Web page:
Low-frequency cordless phones create privacy issues (Column)
From Lawrence Journal-World
By Dave Toplikar
I was watching a report on CNN about the presidential race when I heard someone calling for me. As I walked downstairs, Julie's voice sounded upset.
"Dad. This phone does not work."
My teenage daughter was shaking the phone at me as I walked in.
"Maybe it just needs to be charged."
No, it had been sitting on its wall-mounted base, she said. And because it didn't work, she had missed an important call.
I felt a little guilty about not answering the phone a few minutes earlier. With a houseful of girls, it's usually not for me. And I don't like phone solicitors, although I wouldn't mind taking part in a political poll.
As I looked at the AT&T cordless, I realized it had probably reached its life expectancy. The LED display didn't work. I decided it might be time to see what else was out there to replace it.
Before I headed out to shop through the jungle of cordless phones, I wanted some advice from a phone expert.
None of my daughters were available. So I called Kansas University's Information and Telecommunication Technology Center. They hooked me up with Dan DePardo, a radio frequency research engineer.
"If I was going to get one, I would go with 5 gigahertz," DePardo told me.
He suggested buying the latest 5.8 GHz frequency models, mainly for privacy.
"You buy bottom-of-the-line 900 MHz, it's not too far-fetched that somebody down the street has got the same phone and can listen in to what you're saying," he said.
Conversations on the 5.8 GHz phones are more secure, thanks to a technology called Frequency Hopping Spread Spectrum (FHSS).
The signal randomly jumps around in the range of frequencies that the unit can handle, making it impossible for someone to follow a conversation on a police scanner.
"It would be like taking your TV channel and just flipping it randomly back and forth, generally at a high rate, much faster than you could manually do it," DePardo said.
Besides hopping frequencies, the phones reduce the signal and spread it over a wide spectrum of frequencies, "which also is very difficult to eavesdrop on."
Another reason to get a 5.8 GHz cordless is there's less chance for interference from other appliances using that radio frequency.
For example, if you're in the middle of a phone call on a 2.4 GHz phone and one of your children is nuking a bagel in the microwave, you might get some static.
Using the 5.8 GHz phones, you're not going to hear the microwave oven interference or any clicking interference from nearby cell phone towers, DePardo said.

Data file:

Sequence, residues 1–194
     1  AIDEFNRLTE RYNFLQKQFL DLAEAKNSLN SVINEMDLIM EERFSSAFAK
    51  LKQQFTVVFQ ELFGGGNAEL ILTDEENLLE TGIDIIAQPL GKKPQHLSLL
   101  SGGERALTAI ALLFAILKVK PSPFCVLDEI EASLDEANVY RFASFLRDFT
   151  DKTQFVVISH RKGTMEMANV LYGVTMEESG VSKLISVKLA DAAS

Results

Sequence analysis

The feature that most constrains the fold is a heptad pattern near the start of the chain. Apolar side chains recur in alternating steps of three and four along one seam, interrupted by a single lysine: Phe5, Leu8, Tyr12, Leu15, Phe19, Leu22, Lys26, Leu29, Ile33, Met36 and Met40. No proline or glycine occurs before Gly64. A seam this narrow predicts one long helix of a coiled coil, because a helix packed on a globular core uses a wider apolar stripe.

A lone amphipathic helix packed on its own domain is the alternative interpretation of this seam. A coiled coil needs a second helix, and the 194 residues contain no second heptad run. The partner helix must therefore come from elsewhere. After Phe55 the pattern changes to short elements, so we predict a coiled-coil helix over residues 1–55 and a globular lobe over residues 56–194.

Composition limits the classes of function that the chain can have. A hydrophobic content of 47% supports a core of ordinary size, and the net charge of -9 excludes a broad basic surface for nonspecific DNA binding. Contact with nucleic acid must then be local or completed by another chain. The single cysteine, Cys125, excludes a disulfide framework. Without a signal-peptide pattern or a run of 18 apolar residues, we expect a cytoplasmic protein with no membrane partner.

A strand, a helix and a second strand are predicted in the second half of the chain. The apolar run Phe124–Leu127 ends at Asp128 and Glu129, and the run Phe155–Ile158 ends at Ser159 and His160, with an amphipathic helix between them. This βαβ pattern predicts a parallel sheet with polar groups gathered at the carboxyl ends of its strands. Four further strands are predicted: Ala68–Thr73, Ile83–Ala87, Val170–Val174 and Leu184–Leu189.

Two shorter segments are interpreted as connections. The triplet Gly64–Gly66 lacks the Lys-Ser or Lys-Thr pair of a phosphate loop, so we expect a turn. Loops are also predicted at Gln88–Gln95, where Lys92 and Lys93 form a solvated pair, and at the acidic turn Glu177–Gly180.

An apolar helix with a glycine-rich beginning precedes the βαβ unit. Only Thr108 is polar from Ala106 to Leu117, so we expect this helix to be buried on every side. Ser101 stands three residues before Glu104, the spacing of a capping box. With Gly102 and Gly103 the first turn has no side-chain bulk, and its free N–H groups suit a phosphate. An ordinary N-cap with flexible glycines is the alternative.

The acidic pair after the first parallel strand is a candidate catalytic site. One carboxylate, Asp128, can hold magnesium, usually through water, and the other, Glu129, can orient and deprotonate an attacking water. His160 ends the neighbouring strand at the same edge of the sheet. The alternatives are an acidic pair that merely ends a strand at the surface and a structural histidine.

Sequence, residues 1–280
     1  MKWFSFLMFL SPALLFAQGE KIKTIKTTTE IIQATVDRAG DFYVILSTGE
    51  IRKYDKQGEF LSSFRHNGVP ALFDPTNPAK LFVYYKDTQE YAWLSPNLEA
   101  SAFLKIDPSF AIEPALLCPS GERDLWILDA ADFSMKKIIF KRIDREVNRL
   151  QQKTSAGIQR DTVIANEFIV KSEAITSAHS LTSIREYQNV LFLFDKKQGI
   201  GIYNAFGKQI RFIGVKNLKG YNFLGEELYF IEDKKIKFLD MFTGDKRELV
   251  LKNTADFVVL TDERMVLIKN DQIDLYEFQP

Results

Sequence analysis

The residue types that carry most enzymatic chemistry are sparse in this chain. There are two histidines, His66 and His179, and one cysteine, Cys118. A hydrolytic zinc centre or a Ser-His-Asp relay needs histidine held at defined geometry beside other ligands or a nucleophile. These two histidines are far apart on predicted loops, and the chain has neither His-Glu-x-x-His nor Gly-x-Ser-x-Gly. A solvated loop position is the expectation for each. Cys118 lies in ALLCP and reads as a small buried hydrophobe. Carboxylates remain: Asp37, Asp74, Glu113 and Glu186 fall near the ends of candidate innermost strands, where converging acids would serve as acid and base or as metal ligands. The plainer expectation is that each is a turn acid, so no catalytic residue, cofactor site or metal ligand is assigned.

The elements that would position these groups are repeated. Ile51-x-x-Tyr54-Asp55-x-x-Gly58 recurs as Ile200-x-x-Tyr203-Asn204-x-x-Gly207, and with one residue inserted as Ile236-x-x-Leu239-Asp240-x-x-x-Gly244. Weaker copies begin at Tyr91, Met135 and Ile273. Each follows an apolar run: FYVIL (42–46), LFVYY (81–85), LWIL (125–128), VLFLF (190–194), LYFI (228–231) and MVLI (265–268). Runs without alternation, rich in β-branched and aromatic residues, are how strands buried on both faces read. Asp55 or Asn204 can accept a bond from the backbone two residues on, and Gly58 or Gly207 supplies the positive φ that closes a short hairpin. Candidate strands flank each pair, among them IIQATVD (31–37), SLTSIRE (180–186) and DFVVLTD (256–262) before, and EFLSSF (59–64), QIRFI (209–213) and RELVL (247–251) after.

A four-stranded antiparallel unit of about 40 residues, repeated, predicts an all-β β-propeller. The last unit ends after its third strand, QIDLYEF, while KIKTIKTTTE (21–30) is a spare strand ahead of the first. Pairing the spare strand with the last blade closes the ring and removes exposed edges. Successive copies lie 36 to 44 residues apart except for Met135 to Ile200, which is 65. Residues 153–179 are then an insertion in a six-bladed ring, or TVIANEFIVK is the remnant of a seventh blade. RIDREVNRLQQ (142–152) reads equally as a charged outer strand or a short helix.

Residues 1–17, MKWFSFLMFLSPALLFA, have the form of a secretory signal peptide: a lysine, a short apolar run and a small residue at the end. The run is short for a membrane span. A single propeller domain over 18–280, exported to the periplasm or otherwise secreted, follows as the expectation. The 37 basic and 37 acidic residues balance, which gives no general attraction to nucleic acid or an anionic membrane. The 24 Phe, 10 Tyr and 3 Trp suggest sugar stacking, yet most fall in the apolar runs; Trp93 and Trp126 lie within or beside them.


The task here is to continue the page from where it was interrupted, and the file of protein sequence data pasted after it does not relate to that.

Cordless phones using the 2.4 GHz bands also can get interference from 802.11g Wi-Fi devices that connect computers wirelessly to each other and to networks through radio frequencies.
He said 5.8 GHz phones wouldn't be affected by the 802.11g Wi-Fi devices. But they would be affected by the 802.11a devices, which aren't as widespread.
DePardo says he likes the Sony phones, himself. But there are many 5.8 GHz phones on the market, including some by Panasonic, Vtech, AT&T, General Electric, Audex, Uniden and Olympia.
Prices for 5.8 GHz phones vary, depending on the features, from around $55 to $260. Some are expandable up to eight handsets that operate off one wall phone jack.
Two new 5.8 GHz cordless phones introduced by Motorola are expected to hit the stores this month.
Motorola's 5.8 GHz MD500 series cordless phone has a six-hour battery, six days of standby time, a digital answering system, answering machine access from a remote telephone and from the handset, caller ID and three ring tones among its features.
Motorola's MD700 series is a step up. It has a digital answering machine with message forwarding, answering machine access from the handset and a remote telephone, custom ring based on an internal phonebook, a handset-to-handset intercom and room monitor, phone company voice mail waiting indicator, and a battery meter with audible and visual low-battery alert.
The MD700 also has "polyphonic" ringtones and enhanced lighting effects, according to Motorola.
Waiting for Gallup
I was watching a CNN report on the presidential debates when the kitchen phone rang.
After the second ring, I picked it up, figuring it probably wasn't for me.
But I was surprised. It was for me. They were working on a poll.
I heard my wife pick up the line as the pollster was quickly explaining he wanted to ask me some questions about the Bush-Kerry race.
"No, now is not a good time. Thank you," she said, hanging up without realizing I wanted to take the call.
"--No, wait..." I said on the other line, surprised.
But I was too late. The pollster had moved on.
I should be ready with a new cordless soon -- if they call back.
For more information, contact ITTC.